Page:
Racism is alive and well in Louisiana

” At the end of last year, six black teenagers jumped a white teen from their high school in Jena, La. While the white student went to the hospital, he wasn’t severely hurt. He even attended a school function that same night. The six black teens, now known as the Jena Six, were charged with attempted murder.”

At the end of last year, six black teenagers jumped a white teen from their high school in Jena, La.

While the white student went to the hospital, he wasn’t severely hurt. He even attended a school function that same night.

The six black teens, now known as the Jena Six, were charged with attempted murder. Though they range in age from 15 to 17, five of them were tried as adults.

That’s not the beginning of the story, though.

The white tree

At the start of last school year, a black freshman asked the school vice principal if he could sit under the white tree, a tree where it was understood among students that black teens were not allowed to sit.

He was told to sit where he wanted – and he did.

The next day, there were three nooses, in school colors, hanging from the tree.

After figuring out who was responsible, the school suspended three white students for three days.

A few months later, someone tried to burn down the school.

A white man pulled a loaded shotgun on three black youth, who wrestled the gun from him and ran away.

A black student was beat up at a party, and his head was split open with an empty beer bottle. The white student responsible was faced with a simple battery charge.

Yet after the Jena Six beat up a white student, they were immediately kicked out of school and charged with attempted murder. In June 2007, an all-white jury convicted one of the six students of aggravated battery.

That student had already spent nine months in prison – his bail was posted so high his father could not get him out.

The cycle of racism

Thankfully, on Sept. 14, a state appeals court threw out the aggravated battery conviction.

But the events in Louisiana bring up troubling questions about racism in the United States.

It’s easy for us, sitting in Ohio, to say that all is well in the United States, that racism ended decades ago. But this is a rude awakening. If you thought racism was a thing of the past, it’s time to wake up.

Did time freeze in Jena, allowing this overt racism to exist for the last fifty years?

Jena is a 1960 town in a 2007 world. It’s like going 47 years in the past, the Rev. Raymond Brown, a New Orleans civil rights activist, said. The message being sent here is: ‘Don’t you touch any white people, because if you do, you will get locked up for life.’

We have to wonder why there was a white tree at the high school in the first place. Jena’s students are still racially divided, and that’s probably a result of the way they were raised.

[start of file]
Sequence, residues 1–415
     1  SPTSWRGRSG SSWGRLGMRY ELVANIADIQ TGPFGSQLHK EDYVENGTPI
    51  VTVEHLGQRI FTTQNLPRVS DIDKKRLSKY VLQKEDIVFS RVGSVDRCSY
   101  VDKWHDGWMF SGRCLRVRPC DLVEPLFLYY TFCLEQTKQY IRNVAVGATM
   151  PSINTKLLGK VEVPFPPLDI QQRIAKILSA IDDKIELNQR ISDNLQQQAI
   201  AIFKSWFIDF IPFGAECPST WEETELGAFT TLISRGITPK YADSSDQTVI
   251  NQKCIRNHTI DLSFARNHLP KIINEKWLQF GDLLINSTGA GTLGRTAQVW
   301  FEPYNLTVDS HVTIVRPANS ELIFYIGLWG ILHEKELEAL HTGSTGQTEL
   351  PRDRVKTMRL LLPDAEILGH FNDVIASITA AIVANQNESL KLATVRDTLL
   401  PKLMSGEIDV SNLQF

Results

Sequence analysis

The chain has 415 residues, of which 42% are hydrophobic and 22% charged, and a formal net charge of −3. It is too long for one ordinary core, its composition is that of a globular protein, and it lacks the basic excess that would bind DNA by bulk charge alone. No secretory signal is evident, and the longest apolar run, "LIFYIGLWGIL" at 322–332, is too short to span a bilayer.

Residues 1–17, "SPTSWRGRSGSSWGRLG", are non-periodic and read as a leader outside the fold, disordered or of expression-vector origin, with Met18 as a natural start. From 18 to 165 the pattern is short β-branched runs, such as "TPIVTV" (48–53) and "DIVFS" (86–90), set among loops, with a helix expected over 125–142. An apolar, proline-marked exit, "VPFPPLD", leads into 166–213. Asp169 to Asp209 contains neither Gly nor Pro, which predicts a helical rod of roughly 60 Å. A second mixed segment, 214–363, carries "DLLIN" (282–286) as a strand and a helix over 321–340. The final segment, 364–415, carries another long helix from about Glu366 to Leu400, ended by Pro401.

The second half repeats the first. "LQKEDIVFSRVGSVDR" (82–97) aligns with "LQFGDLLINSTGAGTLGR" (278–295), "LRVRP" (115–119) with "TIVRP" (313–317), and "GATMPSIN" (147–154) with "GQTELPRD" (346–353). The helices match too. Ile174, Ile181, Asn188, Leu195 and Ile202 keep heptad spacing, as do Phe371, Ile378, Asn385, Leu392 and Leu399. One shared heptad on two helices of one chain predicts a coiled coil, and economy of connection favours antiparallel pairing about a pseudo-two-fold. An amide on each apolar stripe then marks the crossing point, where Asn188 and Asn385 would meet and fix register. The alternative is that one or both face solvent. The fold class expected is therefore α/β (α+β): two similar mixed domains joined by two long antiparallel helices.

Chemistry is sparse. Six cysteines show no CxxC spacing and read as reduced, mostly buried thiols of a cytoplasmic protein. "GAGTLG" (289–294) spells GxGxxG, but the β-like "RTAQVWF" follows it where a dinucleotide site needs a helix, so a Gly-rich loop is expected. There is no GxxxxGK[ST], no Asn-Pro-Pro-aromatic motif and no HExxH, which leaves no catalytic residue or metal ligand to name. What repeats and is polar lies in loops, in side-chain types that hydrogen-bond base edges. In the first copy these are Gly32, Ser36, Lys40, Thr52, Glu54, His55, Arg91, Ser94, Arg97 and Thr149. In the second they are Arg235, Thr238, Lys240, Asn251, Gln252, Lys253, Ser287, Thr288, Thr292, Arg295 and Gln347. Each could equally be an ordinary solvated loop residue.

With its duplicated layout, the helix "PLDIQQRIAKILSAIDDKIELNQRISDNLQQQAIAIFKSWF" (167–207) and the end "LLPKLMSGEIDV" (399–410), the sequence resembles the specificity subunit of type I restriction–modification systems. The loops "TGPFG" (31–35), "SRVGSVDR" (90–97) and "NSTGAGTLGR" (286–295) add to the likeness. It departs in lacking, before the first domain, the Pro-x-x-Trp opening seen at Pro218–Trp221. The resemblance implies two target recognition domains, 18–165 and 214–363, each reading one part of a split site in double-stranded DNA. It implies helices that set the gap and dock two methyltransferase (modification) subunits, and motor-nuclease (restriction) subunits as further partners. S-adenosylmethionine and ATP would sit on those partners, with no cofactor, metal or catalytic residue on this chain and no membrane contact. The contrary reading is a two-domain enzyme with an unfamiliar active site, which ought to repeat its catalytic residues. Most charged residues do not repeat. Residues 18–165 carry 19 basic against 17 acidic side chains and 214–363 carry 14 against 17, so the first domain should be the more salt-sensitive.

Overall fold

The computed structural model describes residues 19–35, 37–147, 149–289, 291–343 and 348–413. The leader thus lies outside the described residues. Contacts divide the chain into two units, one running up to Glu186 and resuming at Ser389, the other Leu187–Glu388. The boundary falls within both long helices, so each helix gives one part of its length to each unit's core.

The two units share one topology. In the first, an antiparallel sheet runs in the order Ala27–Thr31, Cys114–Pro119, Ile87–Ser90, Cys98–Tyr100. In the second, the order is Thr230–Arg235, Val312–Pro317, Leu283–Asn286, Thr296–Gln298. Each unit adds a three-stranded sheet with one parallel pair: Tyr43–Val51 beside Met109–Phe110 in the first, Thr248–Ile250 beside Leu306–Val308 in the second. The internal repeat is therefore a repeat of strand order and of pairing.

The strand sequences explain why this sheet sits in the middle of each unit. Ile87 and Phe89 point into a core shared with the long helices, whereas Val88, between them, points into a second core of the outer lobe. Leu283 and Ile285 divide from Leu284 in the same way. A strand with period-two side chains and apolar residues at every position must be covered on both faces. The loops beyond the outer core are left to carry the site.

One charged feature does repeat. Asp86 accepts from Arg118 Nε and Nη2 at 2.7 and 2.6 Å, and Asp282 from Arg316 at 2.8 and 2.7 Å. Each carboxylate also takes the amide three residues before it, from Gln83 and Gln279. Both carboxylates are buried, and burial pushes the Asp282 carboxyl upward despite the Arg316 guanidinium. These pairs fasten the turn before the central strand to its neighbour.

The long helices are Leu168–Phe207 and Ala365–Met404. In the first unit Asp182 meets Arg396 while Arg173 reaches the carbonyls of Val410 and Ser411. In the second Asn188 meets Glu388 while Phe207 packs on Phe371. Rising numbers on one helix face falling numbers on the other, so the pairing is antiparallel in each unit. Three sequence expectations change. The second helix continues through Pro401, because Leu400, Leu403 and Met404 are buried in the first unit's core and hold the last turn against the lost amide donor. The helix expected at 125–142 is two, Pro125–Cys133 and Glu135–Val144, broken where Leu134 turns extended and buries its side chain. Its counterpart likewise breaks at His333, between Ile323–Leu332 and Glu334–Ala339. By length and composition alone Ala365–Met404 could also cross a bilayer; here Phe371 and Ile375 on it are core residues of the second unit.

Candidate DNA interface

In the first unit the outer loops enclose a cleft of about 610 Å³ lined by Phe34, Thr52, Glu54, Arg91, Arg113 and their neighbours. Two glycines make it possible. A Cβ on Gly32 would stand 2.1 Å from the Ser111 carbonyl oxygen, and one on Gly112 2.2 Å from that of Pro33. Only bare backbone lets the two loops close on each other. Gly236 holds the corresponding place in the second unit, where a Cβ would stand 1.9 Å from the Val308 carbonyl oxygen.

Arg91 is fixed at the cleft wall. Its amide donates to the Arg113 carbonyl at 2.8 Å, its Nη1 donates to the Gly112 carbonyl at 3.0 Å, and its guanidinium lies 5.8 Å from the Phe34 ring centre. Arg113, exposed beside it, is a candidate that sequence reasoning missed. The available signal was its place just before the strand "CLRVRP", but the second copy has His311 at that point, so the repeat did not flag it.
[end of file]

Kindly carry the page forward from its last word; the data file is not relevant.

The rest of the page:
Hopefully, the pattern doesn’t continue – people raised with racist ideals pass them down to their children who grow up to pass them down and so on and so forth.

Does it ever end?

Racism in the court system

Then, there is the fact that the black students were charged much more harshly and more severely than were the white students.

The superintendent overruled the principal’s decision to expel the three white students responsible for hanging the nooses. They were suspended for three days instead. The black students were kicked out of school for beating up a white student.

The white student who hit a black student with a beer bottle was charged with simple battery. The black students were charged with attempted murder.

The student they beat up suffered no life-threatening injuries.

By the way, none of the Six have previous criminal records. In fact, some of them are star athletes and have been entertaining scholarship offers from several universities.

The court system fails

If the judicial system can’t be free of racism, what hope do we have? All people are supposed to be equal under the law, and when people are discriminated against in society, the court should make it right.

When racial tensions fire up in a small Louisiana town and white men are pointing shotguns at black students in gas station parking lots, the court should be there to restore justice.

And it has failed miserably at that.

Now, after months of protests and media attention, the charges against the Six have been lowered.

Five of the six students, who were originally charged as adults, will be tried in juvenile court.

Hopefully, the court system will restore justice.

And hopefully, Jena, La. will move on out of the 1960s.